• February 22, 2015


Sections of Manx society needed relief today not jam tomorrow!

Like some fiscal ‘Houdini’ the Treasury Minister, Eddie Teare, MHK, has promised much but delivered little in his 2015 budget.

It appears that the books of ‘the Manx State’ will be balanced but they will be balanced on the backs of the poorest in Manx society who will continue to suffer for a further twelve months at least.

Thereafter, and conveniently in election year, a new tax strategy will be unveiled which will, we are told, lift around a quarter of the population out of tax. The plan envisages a £14000 tax threshold and abolishes the 10% rate of tax replacing this with a standard 20% rate across the board.

It has been described by Mr Teare ‘one of the most adventurous for many years’ but will be subject to consultation and dependant on Tynwald acceptance of today’s Budget in its entirety. Why exactly this last caveat was needed is anyone’s guess as Tynwald en masse (with one or two exceptions) has ‘nodded’ through every budget for the past two decades.

‘Adventurous’ it may be but those 25% of the Manx population who on the governments own figures are struggling to get by were looking less for ‘adventure’ and more for practical relief today rather than jam tomorrow.

In addition as Tynwald ruminate over Eddie’s ‘adventure’ they may wish to weigh up just exactly where the new plan will take us. Certainly a welcome boost for those on extremely low incomes but the offset ‘may’ fall on those on low middle incomes including pensioners with comparatively modest occupational pensions. So the message may be ‘work all your life, put money into a pension pot and we’ll sting you’!

The plan may in the short term rescue the very poorest by creating a new low income group. A graduated tax plan may have been a better option – but of course that’s not on the table because it would impact those best able to pay on upper medium and high incomes.

The budget performance today went of with all the skill of the great illusionist. More help for carers (no doubt greatly needed) was offset by pensioners who choose to work on after 65 being drawn back into the National Insurance net – what will they get for that? Increased benefits later on? Perhaps if they live to draw them!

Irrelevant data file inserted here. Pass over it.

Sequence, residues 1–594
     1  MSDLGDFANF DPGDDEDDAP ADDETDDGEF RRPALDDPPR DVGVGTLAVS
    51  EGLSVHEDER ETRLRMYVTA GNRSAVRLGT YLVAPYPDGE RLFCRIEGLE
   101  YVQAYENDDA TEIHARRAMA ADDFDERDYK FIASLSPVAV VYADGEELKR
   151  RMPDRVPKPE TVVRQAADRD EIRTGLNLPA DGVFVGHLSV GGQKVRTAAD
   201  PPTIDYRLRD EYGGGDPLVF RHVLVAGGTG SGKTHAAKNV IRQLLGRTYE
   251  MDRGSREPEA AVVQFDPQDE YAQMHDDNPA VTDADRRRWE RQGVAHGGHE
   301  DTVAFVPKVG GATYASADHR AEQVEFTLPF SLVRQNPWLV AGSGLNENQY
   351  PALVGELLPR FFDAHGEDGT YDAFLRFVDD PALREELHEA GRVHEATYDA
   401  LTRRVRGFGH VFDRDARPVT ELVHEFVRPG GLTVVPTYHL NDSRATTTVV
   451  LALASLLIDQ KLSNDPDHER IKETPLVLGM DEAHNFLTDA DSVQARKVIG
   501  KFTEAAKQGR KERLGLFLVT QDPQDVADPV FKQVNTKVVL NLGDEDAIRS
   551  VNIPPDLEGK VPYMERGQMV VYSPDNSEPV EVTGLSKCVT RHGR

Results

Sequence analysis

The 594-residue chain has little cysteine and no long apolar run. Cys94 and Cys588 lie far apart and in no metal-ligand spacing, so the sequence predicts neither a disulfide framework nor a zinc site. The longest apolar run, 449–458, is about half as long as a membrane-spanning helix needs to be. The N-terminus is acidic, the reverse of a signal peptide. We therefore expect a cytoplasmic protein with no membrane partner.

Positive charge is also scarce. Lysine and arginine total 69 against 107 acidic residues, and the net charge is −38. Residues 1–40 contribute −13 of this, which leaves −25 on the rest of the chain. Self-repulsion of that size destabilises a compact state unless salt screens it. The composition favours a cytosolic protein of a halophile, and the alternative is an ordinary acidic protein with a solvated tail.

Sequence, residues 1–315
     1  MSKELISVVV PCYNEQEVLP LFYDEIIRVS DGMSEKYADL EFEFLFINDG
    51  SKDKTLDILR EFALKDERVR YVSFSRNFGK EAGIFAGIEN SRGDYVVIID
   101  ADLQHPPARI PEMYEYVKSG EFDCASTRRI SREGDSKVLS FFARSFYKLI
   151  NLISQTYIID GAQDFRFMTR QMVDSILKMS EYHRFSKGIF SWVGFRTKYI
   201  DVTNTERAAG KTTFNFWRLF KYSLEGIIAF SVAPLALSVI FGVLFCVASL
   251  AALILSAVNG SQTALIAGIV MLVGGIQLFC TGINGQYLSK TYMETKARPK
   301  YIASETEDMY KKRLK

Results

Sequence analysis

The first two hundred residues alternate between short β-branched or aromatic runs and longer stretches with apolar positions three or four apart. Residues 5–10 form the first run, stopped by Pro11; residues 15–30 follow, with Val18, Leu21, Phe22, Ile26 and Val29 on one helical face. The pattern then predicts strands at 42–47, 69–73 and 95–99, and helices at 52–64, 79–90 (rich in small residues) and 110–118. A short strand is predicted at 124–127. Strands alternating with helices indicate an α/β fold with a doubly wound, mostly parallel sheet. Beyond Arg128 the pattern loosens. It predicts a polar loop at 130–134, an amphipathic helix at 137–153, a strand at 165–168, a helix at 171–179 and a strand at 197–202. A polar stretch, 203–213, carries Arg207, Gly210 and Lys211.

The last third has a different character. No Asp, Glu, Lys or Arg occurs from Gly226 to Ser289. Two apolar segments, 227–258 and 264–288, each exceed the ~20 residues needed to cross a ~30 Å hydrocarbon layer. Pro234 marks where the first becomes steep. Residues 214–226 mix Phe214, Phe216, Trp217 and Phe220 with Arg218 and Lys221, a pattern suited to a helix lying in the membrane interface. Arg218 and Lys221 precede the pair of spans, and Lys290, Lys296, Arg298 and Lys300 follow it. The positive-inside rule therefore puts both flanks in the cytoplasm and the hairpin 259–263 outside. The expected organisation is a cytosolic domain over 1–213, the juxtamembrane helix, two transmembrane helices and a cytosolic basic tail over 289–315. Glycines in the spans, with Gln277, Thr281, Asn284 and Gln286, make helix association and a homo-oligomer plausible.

All this financial ‘jiggery-pokery’ is set against the backdrop of a government that can still fund handouts to sections of society whose need is hardly as great as those let down by the government today!

As if to emphasise the unfairness Celtic League received a reply today to our query to the Chief Minister (CM) about fiscal transparency (received via Minister for Agriculture Richard Ronan, MHK, – possibly due to the CMs current illness). It confirms that substantial government sums are going to businesses and individuals but does not contain the detail we sought to elicit (a full update will be posted on CL News in due course).

A major feature of the Treasury Ministers build-up to the budget and his presentation today involved reference to the budget having been ‘rebalanced’ with reserves now apparently secure, again this may be illusory. It would be a foolish person indeed who believes that the IOM is out of the woods fiscally and those reserves we would conjecture could diminish further in the next few years.

The aftermath then of budget day 2015 will still see the governments ‘fiscal vice’ tightening around the throat of the working poor but never mind they can dream about that ‘jam tomorrow’!

J B Moffatt (Mr)
Director of Information


(Please note that replies to correspondence received by the League and posted on CL News are usually scanned hard copies. Obviously every effort is made to ensure the scanning process is accurate but sometimes errors do occur).


The Celtic League has branches in the six Celtic Countries. It works to promote cooperation between these countries and campaigns on a broad range of political, cultural and environmental matters. It highlights human rights abuse, monitors all military activity and focuses on socio-economic issues

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